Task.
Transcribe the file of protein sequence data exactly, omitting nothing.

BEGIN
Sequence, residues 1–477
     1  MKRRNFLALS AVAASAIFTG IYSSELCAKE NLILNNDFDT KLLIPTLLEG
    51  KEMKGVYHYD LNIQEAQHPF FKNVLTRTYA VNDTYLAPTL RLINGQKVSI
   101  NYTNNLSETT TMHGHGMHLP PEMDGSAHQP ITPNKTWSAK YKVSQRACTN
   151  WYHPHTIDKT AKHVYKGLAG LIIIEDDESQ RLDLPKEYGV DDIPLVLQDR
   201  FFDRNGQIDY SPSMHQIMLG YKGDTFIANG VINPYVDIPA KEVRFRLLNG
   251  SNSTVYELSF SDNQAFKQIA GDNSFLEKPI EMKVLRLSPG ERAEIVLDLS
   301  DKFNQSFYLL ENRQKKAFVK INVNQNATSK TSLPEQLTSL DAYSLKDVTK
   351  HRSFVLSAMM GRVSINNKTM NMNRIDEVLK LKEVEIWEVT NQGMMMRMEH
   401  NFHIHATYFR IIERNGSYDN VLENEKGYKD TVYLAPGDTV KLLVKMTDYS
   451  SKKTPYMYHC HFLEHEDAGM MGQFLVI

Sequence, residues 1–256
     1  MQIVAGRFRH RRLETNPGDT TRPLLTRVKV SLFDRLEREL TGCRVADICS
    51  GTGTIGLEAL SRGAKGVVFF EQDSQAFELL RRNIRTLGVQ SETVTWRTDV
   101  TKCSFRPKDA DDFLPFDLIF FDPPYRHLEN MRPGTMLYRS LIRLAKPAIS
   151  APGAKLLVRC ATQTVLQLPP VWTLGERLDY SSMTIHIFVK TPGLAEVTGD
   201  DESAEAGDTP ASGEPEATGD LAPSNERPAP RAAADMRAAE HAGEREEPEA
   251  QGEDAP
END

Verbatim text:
Sequence, residues 1–477
     1  MKRRNFLALS AVAASAIFTG IYSSELCAKE NLILNNDFDT KLLIPTLLEG
    51  KEMKGVYHYD LNIQEAQHPF FKNVLTRTYA VNDTYLAPTL RLINGQKVSI
   101  NYTNNLSETT TMHGHGMHLP PEMDGSAHQP ITPNKTWSAK YKVSQRACTN
   151  WYHPHTIDKT AKHVYKGLAG LIIIEDDESQ RLDLPKEYGV DDIPLVLQDR
   201  FFDRNGQIDY SPSMHQIMLG YKGDTFIANG VINPYVDIPA KEVRFRLLNG
   251  SNSTVYELSF SDNQAFKQIA GDNSFLEKPI EMKVLRLSPG ERAEIVLDLS
   301  DKFNQSFYLL ENRQKKAFVK INVNQNATSK TSLPEQLTSL DAYSLKDVTK
   351  HRSFVLSAMM GRVSINNKTM NMNRIDEVLK LKEVEIWEVT NQGMMMRMEH
   401  NFHIHATYFR IIERNGSYDN VLENEKGYKD TVYLAPGDTV KLLVKMTDYS
   451  SKKTPYMYHC HFLEHEDAGM MGQFLVI

Sequence, residues 1–256
     1  MQIVAGRFRH RRLETNPGDT TRPLLTRVKV SLFDRLEREL TGCRVADICS
    51  GTGTIGLEAL SRGAKGVVFF EQDSQAFELL RRNIRTLGVQ SETVTWRTDV
   101  TKCSFRPKDA DDFLPFDLIF FDPPYRHLEN MRPGTMLYRS LIRLAKPAIS
   151  APGAKLLVRC ATQTVLQLPP VWTLGERLDY SSMTIHIFVK TPGLAEVTGD
   201  DESAEAGDTP ASGEPEATGD LAPSNERPAP RAAADMRAAE HAGEREEPEA
   251  QGEDAP